When getting started on the agreements, which are needed before a company can seek a state license to sell marijuana, Narkewicz said the city reached out to the Massachusetts Municipal Association to see if it could provide copies of other host community agreements. This helped city officials to develop the boiler-plate language for Northampton.
“I believe I’m comfortable with ours and believe it fits within the legal framework of the adult-use law,” Narkewicz said.
All the agreements signed in Northampton require $10,000 to go toward education and prevention programs, with only Bodelles Edibles, LLC, a microbusiness, to provide just half that amount, a figure that would be mandated to go higher if it exceed the limits of this model.
In Easthampton, Mayor Nicole LaChapelle has executed five agreements using input from the Cannabis Control Commission, the Department of Revenue and the Massachusetts Municipal Association, she said. But unlike Northampton, there are a variety of terms and conditions in place in the agreements, in addition to 3-percent community impact fee.
For INSA, the recreational marijuana retailer that opened in the city on Saturday, a $10,000 payment to the city was required within seven days of the April 24, 2018 signing of the agreement, though there is no language requiring money go explicitly for marijuana education and prevention, according to the documents.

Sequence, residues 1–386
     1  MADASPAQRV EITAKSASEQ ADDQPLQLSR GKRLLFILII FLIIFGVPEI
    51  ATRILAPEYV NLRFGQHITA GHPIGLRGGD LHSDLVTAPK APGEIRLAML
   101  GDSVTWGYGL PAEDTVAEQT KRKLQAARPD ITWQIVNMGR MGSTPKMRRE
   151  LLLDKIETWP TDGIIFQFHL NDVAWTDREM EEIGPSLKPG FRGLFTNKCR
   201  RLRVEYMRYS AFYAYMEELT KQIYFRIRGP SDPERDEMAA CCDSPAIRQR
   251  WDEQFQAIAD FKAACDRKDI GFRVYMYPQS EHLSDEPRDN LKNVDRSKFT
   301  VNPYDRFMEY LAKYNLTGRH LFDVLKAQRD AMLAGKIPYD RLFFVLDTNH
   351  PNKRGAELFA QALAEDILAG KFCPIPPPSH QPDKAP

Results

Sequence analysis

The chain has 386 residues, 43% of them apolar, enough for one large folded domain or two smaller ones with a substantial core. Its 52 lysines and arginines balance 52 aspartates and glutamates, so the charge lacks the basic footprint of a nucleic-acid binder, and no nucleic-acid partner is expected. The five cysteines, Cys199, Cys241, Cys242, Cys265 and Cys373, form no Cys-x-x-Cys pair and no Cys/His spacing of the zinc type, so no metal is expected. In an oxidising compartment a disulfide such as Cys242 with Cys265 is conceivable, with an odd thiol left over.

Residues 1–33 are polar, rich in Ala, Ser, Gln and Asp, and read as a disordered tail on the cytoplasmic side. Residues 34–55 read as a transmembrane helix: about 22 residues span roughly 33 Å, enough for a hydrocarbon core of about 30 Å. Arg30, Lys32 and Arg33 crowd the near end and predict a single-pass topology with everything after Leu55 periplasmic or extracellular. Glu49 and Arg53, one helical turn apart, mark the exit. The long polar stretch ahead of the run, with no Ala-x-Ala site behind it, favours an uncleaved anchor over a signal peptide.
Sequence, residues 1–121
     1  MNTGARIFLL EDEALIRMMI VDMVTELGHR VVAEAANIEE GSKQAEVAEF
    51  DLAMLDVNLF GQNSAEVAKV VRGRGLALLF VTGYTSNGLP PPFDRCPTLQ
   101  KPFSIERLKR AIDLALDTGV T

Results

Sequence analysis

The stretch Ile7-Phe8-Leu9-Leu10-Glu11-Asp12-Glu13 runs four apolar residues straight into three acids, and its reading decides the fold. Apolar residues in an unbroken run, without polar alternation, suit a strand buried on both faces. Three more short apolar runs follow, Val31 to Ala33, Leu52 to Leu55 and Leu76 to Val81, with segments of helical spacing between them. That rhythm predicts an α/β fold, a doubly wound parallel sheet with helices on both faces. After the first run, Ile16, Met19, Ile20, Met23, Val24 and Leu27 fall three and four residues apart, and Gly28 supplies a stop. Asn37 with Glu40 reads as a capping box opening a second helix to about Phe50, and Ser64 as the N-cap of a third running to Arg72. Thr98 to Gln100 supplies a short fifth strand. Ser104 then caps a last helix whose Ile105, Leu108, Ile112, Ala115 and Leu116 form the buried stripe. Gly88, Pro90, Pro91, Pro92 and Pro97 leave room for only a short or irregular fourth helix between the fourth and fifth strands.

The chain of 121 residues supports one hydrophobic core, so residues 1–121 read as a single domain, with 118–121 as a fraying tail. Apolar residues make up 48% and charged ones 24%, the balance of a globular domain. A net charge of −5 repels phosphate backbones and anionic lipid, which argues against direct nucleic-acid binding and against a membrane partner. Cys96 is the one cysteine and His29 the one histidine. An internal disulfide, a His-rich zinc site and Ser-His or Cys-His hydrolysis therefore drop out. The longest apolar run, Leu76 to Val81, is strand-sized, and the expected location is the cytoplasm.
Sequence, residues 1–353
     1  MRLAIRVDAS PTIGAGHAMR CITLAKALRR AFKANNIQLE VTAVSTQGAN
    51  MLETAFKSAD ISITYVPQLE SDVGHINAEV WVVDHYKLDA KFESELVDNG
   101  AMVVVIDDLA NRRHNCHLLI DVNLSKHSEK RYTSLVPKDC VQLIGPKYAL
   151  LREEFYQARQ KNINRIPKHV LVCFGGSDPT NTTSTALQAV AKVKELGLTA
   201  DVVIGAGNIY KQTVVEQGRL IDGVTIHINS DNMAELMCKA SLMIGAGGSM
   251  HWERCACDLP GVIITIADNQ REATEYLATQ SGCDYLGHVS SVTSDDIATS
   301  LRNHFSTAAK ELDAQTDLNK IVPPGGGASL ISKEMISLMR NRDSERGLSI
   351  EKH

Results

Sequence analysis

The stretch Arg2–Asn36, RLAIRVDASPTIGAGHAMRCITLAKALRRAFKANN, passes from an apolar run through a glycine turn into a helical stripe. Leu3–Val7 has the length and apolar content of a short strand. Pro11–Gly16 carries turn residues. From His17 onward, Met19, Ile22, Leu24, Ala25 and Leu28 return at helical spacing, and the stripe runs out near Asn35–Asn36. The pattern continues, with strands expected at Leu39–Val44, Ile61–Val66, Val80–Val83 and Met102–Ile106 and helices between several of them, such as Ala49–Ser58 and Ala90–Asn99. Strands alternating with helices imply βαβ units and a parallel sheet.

For other companies, like Apical, Inc., Herbology and Holistic Industries, the agreements require a year one community impact payment of at least $75,000, or 3-percent of gross sales, whichever is larger. LaChapelle said there are reasons for these payments.
“We went back and forth about the amount of payments and how they come in,” LaChapelle said. “Our position was impact fees should be more intense in the first couple of years.”
Holistic Industries’ agreement also requires $10,000 for marijuana education and prevention, while Apical’s outlines charitable donations it will make, including $2,500 to the Emily Williston Memorial Library, $2,500 for city schools and $2,500 for public safety programs, with another $2,500 for a drug abuse program if there is a measured increase in addiction among teenagers.